Wolf Pack fans were certainly enjoying themselves a month later when the team scored a 3-2 victory over the Mission City Outlaws to win the championship series four games to two.
The memory that sticks out the most for Matt is seeing his players, including several talented 20-year-olds in their final season of junior hockey, celebrating with their families on the ice at the Mission Leisure Centre.
“These guys in their last year – that was the way we talked about them ending their careers,” says Matt. “I kind of thought back to where we started from. To think three years later from when we had a horrible losing season to really flip everything and go from worst overall and win the whole thing – it was worth it and it felt rewarding. And then to know I’ve had the support of my dad along the way, a great coaching staff and volunteers and so many people. It was pretty rewarding.”
• • •
It’s opening night of the 2015-’16 season and the Internet is finally up and running. Dean didn’t figure it out. It was one of his volunteers, a kind lady in her 60s who recently decided she wanted to learn about computers, who rigged up a workaround on her laptop to get the broadcast going again.
The Wolf Pack has a small army of volunteers led by Leanne Taylor, former president of the North Vancouver Minor Hockey Association. “You get nowhere here without volunteers. And we have the best volunteers in the league,” says Dean.
Sadly, the man in Merritt isn’t able to catch the pregame ceremony on the online broadcast.
Who is it?
It’s Matt Samson.
The BCHL’s junior A Merritt Centennials took notice of his work with the Wolf Pack and hired him as an assistant coach this summer.
“It’s definitely a weird feeling,” Matt says of starting this season on a different team, saying goodbye to the franchise he started from scratch. “It’s tough for me to even think about leaving because the Wolf Pack were so much a part of me.”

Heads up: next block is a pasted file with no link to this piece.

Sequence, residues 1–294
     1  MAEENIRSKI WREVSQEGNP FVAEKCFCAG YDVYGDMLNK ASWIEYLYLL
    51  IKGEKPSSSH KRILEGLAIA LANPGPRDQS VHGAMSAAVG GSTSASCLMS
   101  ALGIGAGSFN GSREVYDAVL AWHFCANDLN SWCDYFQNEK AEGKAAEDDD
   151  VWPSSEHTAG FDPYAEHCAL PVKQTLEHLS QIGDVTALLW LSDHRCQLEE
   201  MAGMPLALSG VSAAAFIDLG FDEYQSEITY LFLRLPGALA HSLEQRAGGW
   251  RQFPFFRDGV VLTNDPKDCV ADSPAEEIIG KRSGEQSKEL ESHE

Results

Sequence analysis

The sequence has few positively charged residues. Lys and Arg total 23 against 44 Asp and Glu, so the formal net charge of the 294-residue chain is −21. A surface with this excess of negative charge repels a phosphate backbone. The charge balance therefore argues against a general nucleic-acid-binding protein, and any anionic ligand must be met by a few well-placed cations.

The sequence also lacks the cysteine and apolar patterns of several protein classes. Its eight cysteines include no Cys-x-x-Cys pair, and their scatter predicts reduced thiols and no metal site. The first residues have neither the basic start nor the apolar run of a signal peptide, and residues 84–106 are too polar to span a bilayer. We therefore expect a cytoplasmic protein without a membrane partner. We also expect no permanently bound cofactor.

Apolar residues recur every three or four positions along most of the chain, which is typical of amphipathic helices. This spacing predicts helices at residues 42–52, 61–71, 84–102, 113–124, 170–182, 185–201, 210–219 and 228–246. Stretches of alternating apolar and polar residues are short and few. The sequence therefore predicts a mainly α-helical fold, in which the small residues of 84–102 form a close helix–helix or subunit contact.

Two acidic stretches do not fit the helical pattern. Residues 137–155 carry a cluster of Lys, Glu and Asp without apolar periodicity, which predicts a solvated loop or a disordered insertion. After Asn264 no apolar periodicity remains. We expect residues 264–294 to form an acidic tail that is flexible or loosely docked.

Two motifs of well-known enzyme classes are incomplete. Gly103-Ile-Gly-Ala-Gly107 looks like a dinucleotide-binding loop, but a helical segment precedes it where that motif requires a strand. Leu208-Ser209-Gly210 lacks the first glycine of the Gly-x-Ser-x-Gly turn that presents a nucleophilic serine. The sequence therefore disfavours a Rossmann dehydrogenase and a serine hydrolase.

In the end, everyone was on board with the move and the team has moved on smoothly, promoting veteran coach Bayne Koen, a longtime friend of the Samsons who joined the Pack as an assistant last season, to the head coach position and making Elias Godoy, another good friend of the family who has been with the team as an assistant coach for four years, the new GM.
Dean has stayed on as CEO, in fact getting more involved than ever to help smooth the transition from Matt to Koen and Godoy.
The team didn’t just lose Matt in the offseason – nearly all of the stars of their championship run graduated or moved on to a higher level. They lost on opening night at Harry Jerome, 5-2 against the Abbotsford Pilots, but have rebounded since, posting a 5-3 record to move into second place in the PJHL’s tough Tom Shaw conference. Although many of the names have changed, the Samsons have built the franchise for long-term success, says Koen.
“I think it’s a great combination,” he says of the father-son duo. “They brought a successful mindset to North Vancouver, getting people excited about our team. ... They put a lot of hard work into doing everyday things that sometimes we don’t see as coaches and GMs – making sure that the players are treated first class and able to come in and do their jobs at 100 per cent and not have to worry about the little things outside,”
Koen marvels at the things the team was able to accomplish last season.
“The team we had is probably one of the tightest teams I’ve been around in hockey in a long time. It was our veteran guys really paving the way for our younger guys, and everyone cared.”
His son may be gone, but Dean thinks the Wolf Pack can get back to that championship level. He’s not worried about the hockey side of things. What bugs him the most is that he and his wife Cheryl won’t get to see their son, daughter-in-law Erin and, most especially, 14-month-old granddaughter Sydney as much anymore.
Sydney just took her first steps, Dean says as he turns his attention back to the ice on opening night. He wasn’t there to see it.
That, however, is just another part of being involved in a business where moving is always on the table, where young men can be traded away to faraway towns, where everyone is chasing the same dreams. It can be a tough game.
“I wouldn’t change anything,” says Matt. “Squamish was a good experience and it got us to North Van. And now I’m getting a chance to coach in the B.C. Hockey League and we’ll see where that goes. At the end of the day I could always come back and be back with the Wolf Pack one day. I don’t know if that’ll ever happen but it’s nice that I’ll always feel a part of it.”
Connecting with the community is a core goal for the Wolf Pack, says CEO Dean Samson, and the team will partner with Family Services of the North Shore for a Family Hockey Night Oct. 17 at Harry Jerome. The evening will include a player meet and greet at 5:30 p.m. followed by a 7 p.m. game against an old rival, the Richmond Sockeyes. Tickets are $10 for adults, everyone under the age of 18 is free. The team hopes to raise $5,000 to fund play therapy sessions for 50 North Shore children through Family Services.